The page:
Mirabelle Gremaud and Bettrys Jones bring juvenile energy to the twins as young girls, and Patrycja Kujawska is a dignified presence as the Lady Atalanta.  I also enjoy Sam Archer’s Young Peregrine and Ankur Bahl’s posturing Young Melchior.

The whole production has Emma Rice stamped all over it.  This is a Kneehigh show in everything but name.  The fun, the storytelling, the music, the puppetry, the romanticism, the wisdom… It’s all here to be savoured.

A magical, captivating piece that tickles the ribs and touches the heart.  It’s a wise critic who knows something special when he sees it.

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Doublet-trouble: Melissa James and Omari Douglas. (Photo: Steve Tanner)

 

 

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Nazi Piece of Work

COLLABORATION

Crescent Theatre, Saturday 30th March, 2019

 

Ronald Harwood’s 2008 play has, sadly, gained in relevance since its original appearance.  Set mainly in the 1930s, the play charts the working relationship and friendship between top composer Richard Strauss and writer Stefan Zweig whom Strauss enlists as a librettist.  All goes well.  The men establish a rapport but, in the background, the rise of overt animosity toward the Jews eventually encroaches on proceedings.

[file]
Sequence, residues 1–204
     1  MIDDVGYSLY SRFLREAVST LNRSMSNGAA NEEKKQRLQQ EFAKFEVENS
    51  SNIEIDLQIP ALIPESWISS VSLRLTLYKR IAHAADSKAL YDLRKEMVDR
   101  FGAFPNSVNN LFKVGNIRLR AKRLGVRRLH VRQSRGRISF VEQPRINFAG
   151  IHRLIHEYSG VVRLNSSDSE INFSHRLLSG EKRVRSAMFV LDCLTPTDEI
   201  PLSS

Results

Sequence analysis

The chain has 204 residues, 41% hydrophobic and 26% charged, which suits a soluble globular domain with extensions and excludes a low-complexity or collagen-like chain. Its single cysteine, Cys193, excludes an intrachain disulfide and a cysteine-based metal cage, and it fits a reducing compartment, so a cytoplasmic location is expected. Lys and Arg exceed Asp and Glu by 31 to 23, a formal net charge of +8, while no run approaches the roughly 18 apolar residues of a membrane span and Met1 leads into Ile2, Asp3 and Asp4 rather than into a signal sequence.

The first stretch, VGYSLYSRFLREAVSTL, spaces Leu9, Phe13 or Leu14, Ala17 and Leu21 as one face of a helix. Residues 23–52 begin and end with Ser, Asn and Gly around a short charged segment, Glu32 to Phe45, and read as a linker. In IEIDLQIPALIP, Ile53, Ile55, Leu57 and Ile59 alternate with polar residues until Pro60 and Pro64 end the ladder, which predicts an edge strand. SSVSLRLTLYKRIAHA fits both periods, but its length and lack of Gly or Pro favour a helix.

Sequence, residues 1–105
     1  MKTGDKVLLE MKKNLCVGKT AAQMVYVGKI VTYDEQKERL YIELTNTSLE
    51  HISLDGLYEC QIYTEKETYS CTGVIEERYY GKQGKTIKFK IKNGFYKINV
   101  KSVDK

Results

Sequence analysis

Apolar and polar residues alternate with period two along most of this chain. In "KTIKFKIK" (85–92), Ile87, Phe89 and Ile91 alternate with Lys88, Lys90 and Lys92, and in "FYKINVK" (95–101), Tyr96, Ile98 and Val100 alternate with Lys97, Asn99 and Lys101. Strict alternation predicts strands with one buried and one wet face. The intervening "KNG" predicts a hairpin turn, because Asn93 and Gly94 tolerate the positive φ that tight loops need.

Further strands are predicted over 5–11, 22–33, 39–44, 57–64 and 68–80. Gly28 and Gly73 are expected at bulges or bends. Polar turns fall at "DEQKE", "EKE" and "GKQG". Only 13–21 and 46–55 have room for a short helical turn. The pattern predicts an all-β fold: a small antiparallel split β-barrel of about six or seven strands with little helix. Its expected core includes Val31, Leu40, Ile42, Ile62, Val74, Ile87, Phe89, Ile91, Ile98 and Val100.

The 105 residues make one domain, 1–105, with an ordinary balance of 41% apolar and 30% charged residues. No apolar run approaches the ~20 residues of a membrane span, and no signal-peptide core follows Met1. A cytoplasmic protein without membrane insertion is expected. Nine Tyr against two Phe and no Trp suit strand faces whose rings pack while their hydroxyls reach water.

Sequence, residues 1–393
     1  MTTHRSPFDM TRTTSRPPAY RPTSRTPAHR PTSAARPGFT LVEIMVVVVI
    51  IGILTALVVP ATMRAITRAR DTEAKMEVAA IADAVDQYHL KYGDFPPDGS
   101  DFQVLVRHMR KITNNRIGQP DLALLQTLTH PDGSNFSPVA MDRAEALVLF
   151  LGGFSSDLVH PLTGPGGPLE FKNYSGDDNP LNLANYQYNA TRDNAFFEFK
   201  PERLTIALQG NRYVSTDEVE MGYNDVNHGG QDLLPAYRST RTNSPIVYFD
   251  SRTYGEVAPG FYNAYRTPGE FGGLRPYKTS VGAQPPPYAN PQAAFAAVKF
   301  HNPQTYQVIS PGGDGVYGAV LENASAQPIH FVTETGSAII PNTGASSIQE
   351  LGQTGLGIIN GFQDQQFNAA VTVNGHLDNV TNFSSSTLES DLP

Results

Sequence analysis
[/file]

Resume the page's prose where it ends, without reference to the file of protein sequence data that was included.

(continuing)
The first act is a rather gentle comedy, offering insights into the creative process, but things take a much darker turn after the interval, with the interference of the Nazis, represented here by Herr Hinkel.

Bill Barry is positively avuncular as Strauss, with Simon King’s Zweig as a more neurotic contrast.  Both are at their strongest when speaking with passion, about music, about principles, and Barry’s greatest moment (and the play’s sucker punch) comes right at the end when Strauss gives testimony to a denazification board (Spoiler: The Nazis lost the war).  Skye Witney comes into her own as Strauss’s spouse, putting the arrogant Hinkel in his place, while Emilia Harrild as Zweig’s secretary/main squeeze Lotte impresses as she recounts a violent assault.   At other times, the action is a little stiff.  When pleasantries are exchanged, the characters aren’t quite as convincing, and there are times when the blocking seems off with actors in entirely the wrong place for optimal staging.  I’m guessing this is because it’s opening night and points still need tightening up.